The above article is from Bits of Texas History by J.T. Canales published in 1950.  In 1949, Davenport wrote an earlier version of the article with the same title for inclusion in Hobart Huson’s edited edition of Dr. J.H. Barnard’s Journal.  Canales’ included the following footnote containing the expanded section of Barnard’s journal referring to the Angel of Goliad:

“I must not here omit to mention Sehora Alvarez, whose name ought to be perpetuated to the latest times for her virtues, and whose action contrasted so strangely with those of her countrymen, deserved (deserves) to be recorded in the annals of this country (county) and treasured in the heart of every texan. When she arrived at Copano with her husband, who was one of Urrea’s officers, Miller and his men had just been taken prisoners; they were tightly bound with cord so as to completely check the circulation of blood in their arms, and in this state (way) had been left several hours when she saw them. Her heart was touched at the sight, and she immediately caused the cords to be removed, and refreshments to be given them. She treated them with great kindness, and when on the morning of the massacre, she learned that the prisoners were to be shot, she so effectually pleaded with Col. Garey (sic) (whose humane feelings revolted at the barbarous order) that, with great personal responsibility to himself and at great hazard at (in) thus going counter to the orders of the then all-powerful Santa Anna, he resolved to save all that he could; and a few of us in consequence, were left to tell of that bloody day.

Besides those that Col. Garey (sic) saved, she saved by convivance some of the officers-gone into the fort at night and taken out some, whom she kept concealed until after the massacre. When she saw Dr. Shackelford a few days (later) after, and heard that his son was among those (that were) sacrificed, she burst into tears and exclaimed:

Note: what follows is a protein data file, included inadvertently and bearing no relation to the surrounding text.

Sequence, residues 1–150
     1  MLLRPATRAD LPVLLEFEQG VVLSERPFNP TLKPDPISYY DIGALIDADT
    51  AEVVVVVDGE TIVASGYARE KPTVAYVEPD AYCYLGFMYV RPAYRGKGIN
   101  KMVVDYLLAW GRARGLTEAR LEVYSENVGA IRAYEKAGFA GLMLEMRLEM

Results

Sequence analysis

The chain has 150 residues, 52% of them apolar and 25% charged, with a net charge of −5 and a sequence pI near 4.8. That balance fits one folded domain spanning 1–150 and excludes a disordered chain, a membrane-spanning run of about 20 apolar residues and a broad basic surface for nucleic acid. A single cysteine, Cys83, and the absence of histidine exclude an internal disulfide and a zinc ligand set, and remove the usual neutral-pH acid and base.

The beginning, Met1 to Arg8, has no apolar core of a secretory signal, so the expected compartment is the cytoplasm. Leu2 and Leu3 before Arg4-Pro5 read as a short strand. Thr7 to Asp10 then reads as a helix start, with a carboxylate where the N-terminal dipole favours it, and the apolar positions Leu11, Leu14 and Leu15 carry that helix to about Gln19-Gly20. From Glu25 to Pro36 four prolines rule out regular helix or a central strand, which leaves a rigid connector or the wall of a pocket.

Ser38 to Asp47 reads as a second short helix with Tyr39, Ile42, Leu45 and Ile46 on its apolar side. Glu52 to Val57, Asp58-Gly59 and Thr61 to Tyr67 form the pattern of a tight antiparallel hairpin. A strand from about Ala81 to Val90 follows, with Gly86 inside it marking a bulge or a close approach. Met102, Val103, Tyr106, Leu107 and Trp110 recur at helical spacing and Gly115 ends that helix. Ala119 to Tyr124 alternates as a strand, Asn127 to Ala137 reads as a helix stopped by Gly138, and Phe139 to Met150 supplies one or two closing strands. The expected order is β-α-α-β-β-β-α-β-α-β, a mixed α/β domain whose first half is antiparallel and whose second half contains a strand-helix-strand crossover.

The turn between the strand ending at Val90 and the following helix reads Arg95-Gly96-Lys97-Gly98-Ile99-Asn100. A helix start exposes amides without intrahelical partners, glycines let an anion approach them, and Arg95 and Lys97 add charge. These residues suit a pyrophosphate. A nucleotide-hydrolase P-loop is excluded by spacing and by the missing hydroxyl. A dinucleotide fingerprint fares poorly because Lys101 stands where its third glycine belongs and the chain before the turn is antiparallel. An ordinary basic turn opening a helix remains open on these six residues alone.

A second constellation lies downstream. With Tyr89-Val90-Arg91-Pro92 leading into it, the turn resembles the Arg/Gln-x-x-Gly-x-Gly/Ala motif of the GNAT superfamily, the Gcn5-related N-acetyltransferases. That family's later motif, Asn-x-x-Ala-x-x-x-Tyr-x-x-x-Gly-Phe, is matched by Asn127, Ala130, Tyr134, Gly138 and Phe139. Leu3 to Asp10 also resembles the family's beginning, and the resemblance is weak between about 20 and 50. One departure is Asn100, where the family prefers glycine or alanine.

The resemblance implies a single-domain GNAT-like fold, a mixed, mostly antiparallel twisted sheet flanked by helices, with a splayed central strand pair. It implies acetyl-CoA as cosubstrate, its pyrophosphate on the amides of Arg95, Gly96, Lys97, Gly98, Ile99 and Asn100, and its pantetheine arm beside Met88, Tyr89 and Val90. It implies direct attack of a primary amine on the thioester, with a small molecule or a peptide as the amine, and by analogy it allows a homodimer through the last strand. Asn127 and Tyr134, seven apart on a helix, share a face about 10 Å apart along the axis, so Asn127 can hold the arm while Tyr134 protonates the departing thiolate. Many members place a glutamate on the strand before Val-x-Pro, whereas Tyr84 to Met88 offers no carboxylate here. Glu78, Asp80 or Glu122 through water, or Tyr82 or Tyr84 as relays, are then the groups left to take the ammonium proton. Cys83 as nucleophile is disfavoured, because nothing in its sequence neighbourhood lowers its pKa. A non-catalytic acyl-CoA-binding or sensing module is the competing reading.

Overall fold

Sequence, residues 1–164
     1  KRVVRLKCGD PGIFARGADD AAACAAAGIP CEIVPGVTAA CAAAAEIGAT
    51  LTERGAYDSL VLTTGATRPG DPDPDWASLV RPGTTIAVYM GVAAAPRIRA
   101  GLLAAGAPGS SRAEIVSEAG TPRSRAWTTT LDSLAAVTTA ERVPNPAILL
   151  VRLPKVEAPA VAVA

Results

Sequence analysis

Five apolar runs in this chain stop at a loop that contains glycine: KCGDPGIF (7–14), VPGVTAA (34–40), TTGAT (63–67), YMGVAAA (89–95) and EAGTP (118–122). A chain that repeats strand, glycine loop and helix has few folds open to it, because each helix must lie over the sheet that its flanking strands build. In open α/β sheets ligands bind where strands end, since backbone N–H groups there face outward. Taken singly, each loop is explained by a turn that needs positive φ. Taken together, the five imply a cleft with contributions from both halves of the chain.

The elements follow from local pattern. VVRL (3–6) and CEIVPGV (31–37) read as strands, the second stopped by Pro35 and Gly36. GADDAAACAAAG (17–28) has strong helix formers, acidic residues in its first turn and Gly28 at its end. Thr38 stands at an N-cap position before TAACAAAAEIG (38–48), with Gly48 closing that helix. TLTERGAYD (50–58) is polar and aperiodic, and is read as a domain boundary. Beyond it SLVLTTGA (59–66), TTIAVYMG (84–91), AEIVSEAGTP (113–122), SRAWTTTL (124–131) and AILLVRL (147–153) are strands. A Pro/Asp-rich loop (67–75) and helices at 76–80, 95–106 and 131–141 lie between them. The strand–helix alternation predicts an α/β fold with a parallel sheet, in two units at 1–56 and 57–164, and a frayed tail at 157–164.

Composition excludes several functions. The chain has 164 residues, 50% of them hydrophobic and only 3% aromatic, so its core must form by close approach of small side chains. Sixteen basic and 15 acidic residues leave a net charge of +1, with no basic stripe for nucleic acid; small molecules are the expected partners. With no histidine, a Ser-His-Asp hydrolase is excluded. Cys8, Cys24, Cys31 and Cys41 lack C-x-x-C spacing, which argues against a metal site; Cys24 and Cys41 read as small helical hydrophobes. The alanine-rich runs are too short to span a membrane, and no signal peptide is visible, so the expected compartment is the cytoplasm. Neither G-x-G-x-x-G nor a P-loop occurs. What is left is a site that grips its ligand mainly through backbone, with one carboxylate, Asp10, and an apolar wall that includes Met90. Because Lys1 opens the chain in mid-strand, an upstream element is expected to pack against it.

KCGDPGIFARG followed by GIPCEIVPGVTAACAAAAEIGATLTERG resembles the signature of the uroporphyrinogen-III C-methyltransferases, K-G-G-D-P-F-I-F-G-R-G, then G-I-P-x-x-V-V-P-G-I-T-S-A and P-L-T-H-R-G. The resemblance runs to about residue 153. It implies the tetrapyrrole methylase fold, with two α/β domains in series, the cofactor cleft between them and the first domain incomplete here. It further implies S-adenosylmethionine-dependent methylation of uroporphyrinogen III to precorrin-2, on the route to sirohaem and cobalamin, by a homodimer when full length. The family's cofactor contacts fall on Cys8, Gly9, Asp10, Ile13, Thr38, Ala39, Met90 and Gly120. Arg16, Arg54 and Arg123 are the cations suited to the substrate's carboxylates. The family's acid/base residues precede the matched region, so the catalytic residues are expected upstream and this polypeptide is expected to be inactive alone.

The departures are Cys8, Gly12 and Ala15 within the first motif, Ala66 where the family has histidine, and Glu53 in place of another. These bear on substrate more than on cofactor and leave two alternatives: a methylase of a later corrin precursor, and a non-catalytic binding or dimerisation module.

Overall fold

“Why did I not know that you had a son here? I would have saved him at all hazards.”

She afterwards showed much attention and kindness to the surviving prisoners, frequently sending messages and presents of provision’s to them from Victoria. After her return to Matamoros, she was unwearied in her attention to the unfortunate Americans confined there. She went on to the City of Mexico with her husband (who there abandoned her.) She returned to Matamoros without any funds for her support; but she found many warm friends among those who had heard of and witnessed her extraordinary exertion in relieving the Texas (Texan) prisoners. It must be remembered that when she came to Texas she could have considered its VeoVle only as rebels and heretics, the two classes of all others the most odious to the mind of a Vious Mexican; that Goliad, the first town she came to, had been destroyed by them recently, and its Mexican population dispersed to seek (for) refuge where they might, and yet, after everything that occurred to present the Texans to her view as the worst and most abandoned of men, she became incessantly engaged in contributing to relieve their wants and save their lives. Her name deserves to be recorded in letters of gold among those angels who have from time to time been commissioned here by an overruling and beneficent Power to relieve the sorrows and cheer the hearts of men, and who have for that purpose assumed the form of helpless women, that the benefits with the boon might be enhanced by the strong and touching contrast of aggravated evils worked by fiends in human shape, and balm poured on the wounds they make by a feeling of pitying women.”